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Thinking Like an Investor: Making the Shift


January 30, 2023 ( Newswire) You've done all the research on investing, and you think you're ready to take the plunge. Or maybe you've already started, but you're not getting the results you hoped for or expected. It's important to understand that there's more to investing than just reading up on how to do it, as important as that is. A successful investor has a certain mindset. Fortunately, just as you can teach yourself how to succeed in the stock market, you can teach yourself this mindset as well.

In Control of Your Money

Too many people think of money as something that is out of their control. They have it, or they don't have it, but whether they will always have it or have enough now is something that's beyond them. You understand money as a concrete thing that is within your control even though there is some uncertainty about what will happen with the choices that you make. You also know that you will have money in the future because you're making wise choices now. It's a good idea to make sure you really are in control at the start of your journey. Try to pay down things like credit card debt and fund an emergency savings account. If you're still paying off student loans, look for a student loan refinance, which can lower your expenses and possibly how much you pay for the length of the loan.

Consider Yourself a Business Owner

There's something heady about buying and selling stock. It can start to feel like Monopoly money that you're throwing around. You might think this could help you make better decisions because you're less emotional about the process, but in fact, there are things to consider before making decisions where your investments are concerned. A better approach might be to take it all much more seriously and think about buying shares as taking on partial ownership of the business. This has a few different effects. First, you'll tend to research more deeply before making a move, and this will generally lead to better decision making.

Second, you'll be less likely to act rashly. Third, you'll think more about the long term rather than buying and selling frequently. While buying and selling can sometimes net you money, it's generally advised that you leave your stocks alone since over the long run they will increase in value. There's one other thing to consider when it comes to high turnover in shares. You may end up paying commission and capital gains, which could make a serious dent in or even wipe out your profit compared to a more measured and conservative approach.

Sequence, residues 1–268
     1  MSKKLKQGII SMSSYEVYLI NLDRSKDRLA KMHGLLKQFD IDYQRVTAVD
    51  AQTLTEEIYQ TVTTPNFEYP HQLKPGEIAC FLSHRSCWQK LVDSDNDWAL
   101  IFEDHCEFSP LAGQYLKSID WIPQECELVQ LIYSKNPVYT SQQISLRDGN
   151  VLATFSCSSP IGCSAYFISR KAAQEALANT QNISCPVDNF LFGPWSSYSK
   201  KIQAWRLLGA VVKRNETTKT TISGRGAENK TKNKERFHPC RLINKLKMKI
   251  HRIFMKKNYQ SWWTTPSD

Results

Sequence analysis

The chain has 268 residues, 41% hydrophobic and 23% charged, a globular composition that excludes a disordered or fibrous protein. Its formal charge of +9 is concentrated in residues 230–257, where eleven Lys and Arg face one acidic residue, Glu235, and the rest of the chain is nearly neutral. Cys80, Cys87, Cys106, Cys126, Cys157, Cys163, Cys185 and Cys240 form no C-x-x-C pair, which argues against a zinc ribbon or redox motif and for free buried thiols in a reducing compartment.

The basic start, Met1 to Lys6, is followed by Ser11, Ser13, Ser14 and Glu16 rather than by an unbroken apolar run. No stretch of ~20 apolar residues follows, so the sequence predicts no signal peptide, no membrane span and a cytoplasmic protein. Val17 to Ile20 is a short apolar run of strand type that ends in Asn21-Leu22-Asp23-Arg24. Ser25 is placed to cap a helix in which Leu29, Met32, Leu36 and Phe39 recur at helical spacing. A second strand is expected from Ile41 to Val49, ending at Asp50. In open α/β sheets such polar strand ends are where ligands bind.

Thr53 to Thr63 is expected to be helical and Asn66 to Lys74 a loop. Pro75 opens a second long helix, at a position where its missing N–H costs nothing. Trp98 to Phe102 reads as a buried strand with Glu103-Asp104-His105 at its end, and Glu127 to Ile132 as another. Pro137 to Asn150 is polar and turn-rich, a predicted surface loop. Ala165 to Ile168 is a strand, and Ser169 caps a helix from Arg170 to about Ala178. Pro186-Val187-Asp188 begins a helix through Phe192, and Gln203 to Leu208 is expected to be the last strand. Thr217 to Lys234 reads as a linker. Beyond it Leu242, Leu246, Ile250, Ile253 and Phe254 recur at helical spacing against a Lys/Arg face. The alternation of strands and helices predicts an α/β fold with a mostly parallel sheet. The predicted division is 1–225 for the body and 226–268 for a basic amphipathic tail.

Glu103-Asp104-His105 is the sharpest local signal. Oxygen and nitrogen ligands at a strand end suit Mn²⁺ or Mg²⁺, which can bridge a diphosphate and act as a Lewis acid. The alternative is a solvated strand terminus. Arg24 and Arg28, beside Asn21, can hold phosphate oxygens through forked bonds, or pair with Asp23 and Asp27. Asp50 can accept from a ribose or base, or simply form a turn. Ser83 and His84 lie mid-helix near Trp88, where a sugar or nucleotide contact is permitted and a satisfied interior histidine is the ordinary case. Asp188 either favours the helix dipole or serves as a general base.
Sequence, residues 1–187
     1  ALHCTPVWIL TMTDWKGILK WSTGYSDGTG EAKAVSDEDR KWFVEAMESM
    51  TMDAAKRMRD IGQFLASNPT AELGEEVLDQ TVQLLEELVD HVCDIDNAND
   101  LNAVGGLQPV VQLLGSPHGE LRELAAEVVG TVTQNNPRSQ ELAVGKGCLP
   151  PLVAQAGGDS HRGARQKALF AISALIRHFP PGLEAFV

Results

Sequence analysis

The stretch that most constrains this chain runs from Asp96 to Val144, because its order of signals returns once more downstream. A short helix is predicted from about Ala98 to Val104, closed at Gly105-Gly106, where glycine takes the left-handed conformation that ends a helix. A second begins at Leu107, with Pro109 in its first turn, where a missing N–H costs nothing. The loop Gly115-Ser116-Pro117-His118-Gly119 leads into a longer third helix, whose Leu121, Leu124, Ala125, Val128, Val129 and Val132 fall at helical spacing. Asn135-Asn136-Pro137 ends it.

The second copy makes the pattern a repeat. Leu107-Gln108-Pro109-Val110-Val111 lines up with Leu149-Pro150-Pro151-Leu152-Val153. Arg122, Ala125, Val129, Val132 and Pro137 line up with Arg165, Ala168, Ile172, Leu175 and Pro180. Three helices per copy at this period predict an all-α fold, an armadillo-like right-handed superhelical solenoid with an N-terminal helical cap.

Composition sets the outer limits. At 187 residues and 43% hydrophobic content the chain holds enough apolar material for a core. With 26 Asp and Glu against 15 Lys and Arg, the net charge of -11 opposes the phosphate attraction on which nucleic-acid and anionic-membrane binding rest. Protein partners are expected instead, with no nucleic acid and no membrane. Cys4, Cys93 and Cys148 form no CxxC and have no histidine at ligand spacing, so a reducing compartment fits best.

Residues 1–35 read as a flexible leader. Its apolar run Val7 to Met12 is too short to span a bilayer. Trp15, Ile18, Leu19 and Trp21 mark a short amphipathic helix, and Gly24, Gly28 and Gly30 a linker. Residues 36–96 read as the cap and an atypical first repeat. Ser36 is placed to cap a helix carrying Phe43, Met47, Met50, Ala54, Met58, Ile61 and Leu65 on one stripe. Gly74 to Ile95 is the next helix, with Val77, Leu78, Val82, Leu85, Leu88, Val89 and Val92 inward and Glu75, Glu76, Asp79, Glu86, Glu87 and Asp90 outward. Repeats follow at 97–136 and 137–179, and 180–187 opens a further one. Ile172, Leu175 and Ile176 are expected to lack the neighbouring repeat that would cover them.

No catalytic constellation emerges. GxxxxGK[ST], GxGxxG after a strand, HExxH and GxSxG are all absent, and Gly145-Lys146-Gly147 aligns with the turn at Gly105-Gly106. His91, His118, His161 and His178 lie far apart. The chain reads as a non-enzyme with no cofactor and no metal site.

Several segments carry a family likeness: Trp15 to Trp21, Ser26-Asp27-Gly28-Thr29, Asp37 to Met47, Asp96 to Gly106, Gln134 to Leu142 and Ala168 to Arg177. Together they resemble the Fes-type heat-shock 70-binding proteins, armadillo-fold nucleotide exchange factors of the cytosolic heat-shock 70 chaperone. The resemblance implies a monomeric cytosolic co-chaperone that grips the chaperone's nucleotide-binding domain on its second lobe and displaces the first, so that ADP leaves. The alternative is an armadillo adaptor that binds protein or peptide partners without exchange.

Consider How You Measure Success

You might think this is a no-brainer; if the value of your investments is going up, then you're succeeding, right? But think a little bit deeper. Look instead more closely at the companies you've invested in and whether they are making smart decisions overall. This might mean that they aren't as immediately profitable as some other companies, but over the long run, they will make more money for you. Another thing to consider is probability. How likely is it that a particular company will weather a particularly tough period and show a substantial profit over a period like a decade even if it's struggling a bit now? By looking at the bigger picture, you'll make more informed decisions about what to hold onto, what to let go and when to make a move.

Balance Risk and Reward

There are many post Covid-19 investment trends that make this a unique market. Getting involved in investing isn't the safest thing you could do. Most worthwhile things aren't, and you need to be savvy about risk so that you don't fall into some of the common pitfalls that people often do when they get too caught up in trying to become a multimillionaire overnight. At the same time, overfocusing on risk can get you in trouble as well because it can leave you paralyzed, or you'll make all your decisions with an eye to avoiding trouble.

Another way to think about balancing risk and reward is that it's having a growth mindset. You believe that you can move forward and continue to succeed as opposed to being fixed in a past where your financial decisions may not have been as wise. Set goals based on a rational understanding of the situation rather than belief in good or bad luck.

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